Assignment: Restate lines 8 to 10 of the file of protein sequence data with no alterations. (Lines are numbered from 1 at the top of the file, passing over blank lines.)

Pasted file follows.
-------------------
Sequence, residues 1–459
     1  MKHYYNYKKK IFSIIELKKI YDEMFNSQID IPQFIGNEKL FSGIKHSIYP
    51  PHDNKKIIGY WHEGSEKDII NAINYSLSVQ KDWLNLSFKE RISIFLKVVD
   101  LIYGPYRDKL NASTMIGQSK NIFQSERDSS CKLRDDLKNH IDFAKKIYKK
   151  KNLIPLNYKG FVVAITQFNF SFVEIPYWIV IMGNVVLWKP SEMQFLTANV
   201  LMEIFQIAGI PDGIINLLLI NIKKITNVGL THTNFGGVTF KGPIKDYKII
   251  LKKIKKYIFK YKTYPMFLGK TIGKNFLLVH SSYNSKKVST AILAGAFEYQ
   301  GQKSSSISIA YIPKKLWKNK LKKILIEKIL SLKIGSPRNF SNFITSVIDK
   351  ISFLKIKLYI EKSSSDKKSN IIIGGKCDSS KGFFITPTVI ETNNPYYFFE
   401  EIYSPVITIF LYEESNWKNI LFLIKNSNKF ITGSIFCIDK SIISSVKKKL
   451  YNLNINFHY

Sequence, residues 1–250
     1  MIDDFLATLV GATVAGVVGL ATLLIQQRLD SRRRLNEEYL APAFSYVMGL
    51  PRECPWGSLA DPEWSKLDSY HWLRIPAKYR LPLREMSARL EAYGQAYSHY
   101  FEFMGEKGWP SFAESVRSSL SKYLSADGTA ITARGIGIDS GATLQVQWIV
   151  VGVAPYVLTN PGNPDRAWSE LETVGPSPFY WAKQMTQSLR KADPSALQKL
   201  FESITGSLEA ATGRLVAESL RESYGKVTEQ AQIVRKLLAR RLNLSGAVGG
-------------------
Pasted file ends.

   301  GQKSSSISIA YIPKKLWKNK LKKILIEKIL SLKIGSPRNF SNFITSVIDK
   351  ISFLKIKLYI EKSSSDKKSN IIIGGKCDSS KGFFITPTVI ETNNPYYFFE
   401  EIYSPVITIF LYEESNWKNI LFLIKNSNKF ITGSIFCIDK SIISSVKKKL